Several clinical trials are being funded by the government to investigate the efficacy of Reiki.
Details can be found in the above link.
Cleveland Clinic received 371,500 for a study involving Reiki and prostate cancer.
My favorite is the 1.8 million study at the University of Michigan studying the effect of Reiki on diabetic patients with numbness in the feet and legs.
This is an interesting endeavor. Since there is no way to test for or measure the transfer of the Reiki energy which purportedly is the basis for the healing, a controlled trial was devised.
One arm will involve treatment administered by a person claiming to have the power to heal by manipulating a undetectable energy force (the "real" Reiki master) and the other arm involves someone who claims to be someone who claims to have the power to heal by manipulating an undetectable energy force (the "fake" Reiki master). Money well spent.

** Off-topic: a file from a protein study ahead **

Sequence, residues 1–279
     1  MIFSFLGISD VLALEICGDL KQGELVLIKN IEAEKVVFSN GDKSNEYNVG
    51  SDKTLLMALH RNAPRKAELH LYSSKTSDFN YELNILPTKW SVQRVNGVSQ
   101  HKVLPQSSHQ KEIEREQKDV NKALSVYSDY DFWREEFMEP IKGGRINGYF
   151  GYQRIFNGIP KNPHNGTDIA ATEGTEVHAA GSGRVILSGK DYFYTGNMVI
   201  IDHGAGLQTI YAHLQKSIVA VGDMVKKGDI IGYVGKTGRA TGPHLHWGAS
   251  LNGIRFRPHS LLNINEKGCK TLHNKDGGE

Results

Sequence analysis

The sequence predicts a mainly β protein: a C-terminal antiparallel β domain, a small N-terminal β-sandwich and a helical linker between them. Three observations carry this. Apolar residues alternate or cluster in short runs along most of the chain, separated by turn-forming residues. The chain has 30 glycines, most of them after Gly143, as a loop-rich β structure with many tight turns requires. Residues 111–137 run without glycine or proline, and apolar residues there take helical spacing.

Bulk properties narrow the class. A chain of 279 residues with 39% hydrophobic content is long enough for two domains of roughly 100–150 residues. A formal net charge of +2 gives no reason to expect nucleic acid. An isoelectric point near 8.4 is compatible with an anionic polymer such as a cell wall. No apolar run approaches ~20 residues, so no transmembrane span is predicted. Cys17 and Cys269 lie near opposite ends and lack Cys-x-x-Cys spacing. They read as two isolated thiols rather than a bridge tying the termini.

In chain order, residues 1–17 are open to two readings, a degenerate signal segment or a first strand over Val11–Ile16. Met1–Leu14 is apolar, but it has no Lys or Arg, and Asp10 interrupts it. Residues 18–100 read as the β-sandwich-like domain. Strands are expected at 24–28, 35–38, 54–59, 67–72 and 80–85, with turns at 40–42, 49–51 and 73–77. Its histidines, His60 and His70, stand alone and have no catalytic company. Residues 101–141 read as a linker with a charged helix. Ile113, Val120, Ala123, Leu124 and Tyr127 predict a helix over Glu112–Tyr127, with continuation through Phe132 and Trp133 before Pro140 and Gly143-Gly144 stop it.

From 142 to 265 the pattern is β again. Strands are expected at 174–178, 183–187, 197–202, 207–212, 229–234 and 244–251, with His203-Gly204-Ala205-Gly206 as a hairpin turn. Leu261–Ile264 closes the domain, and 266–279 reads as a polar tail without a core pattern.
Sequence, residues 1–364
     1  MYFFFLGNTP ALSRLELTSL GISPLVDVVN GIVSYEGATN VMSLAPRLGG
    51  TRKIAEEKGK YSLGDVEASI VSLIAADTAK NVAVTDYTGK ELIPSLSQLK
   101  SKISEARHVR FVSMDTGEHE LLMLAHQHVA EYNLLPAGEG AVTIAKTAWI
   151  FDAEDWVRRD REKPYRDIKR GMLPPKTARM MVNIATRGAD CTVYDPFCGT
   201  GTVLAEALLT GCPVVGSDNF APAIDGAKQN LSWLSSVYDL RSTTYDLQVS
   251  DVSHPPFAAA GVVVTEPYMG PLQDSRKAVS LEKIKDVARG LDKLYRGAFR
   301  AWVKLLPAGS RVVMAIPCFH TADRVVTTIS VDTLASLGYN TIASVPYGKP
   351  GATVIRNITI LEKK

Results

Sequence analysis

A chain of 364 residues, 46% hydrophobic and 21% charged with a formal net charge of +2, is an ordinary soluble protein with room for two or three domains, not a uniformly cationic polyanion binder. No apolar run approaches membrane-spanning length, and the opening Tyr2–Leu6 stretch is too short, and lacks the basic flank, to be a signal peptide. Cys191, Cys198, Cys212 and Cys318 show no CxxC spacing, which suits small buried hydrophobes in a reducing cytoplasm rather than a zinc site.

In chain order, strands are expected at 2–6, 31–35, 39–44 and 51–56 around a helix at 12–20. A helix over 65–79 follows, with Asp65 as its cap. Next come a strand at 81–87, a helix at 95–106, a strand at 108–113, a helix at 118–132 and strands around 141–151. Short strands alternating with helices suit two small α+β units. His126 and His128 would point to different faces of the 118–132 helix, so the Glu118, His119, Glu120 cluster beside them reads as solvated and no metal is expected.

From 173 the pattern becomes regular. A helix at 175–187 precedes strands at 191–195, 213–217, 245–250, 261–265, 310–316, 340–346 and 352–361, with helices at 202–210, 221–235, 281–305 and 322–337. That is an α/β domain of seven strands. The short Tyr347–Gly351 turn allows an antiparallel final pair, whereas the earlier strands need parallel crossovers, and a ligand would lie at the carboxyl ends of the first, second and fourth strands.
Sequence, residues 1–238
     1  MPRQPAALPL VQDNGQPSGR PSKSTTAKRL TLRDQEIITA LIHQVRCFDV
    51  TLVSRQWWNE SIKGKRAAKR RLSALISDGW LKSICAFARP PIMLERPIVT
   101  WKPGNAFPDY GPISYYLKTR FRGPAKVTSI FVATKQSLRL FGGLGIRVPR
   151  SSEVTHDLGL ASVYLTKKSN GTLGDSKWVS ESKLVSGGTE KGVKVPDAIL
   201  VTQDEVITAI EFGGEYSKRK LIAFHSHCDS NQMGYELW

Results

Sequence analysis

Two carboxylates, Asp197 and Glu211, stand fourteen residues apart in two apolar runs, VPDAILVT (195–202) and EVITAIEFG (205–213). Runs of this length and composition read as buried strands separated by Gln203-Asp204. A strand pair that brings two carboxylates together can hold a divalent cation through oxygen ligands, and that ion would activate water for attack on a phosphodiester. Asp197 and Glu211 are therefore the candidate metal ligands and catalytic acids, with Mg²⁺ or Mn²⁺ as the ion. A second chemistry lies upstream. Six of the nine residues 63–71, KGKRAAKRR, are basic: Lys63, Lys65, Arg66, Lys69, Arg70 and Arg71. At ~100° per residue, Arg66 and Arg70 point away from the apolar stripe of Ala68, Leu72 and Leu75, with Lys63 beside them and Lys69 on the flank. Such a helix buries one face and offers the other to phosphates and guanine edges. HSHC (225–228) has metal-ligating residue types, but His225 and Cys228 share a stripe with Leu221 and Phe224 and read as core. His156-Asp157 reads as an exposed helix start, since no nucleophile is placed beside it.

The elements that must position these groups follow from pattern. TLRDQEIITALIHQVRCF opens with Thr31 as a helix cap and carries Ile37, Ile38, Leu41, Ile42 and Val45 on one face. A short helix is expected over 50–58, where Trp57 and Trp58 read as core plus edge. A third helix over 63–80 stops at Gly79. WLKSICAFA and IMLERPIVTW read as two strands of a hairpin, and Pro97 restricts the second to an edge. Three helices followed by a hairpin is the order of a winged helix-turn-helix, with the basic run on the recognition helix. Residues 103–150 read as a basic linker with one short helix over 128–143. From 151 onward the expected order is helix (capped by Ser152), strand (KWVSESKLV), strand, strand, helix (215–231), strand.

Another NIH sponsored trial is the " Efficacy of distant Healing in Glioblastoma treatment". In this trial "healers"-who come from various schools of distant healing will received a photograph of the patient and will send "mental intentions for healing and well being" for one per day for three days per week. Apparently, here there is no control arm in which fake healers would pretend to send a mental intention.
Dr. Steven Barrett was quoted in a Medscape book review of an IOM report on CAM:
"Methods that are plausible should be tested with well-designed clinical trials. The rest should be discarded"
Can someone explain why the NIH is funding such trials?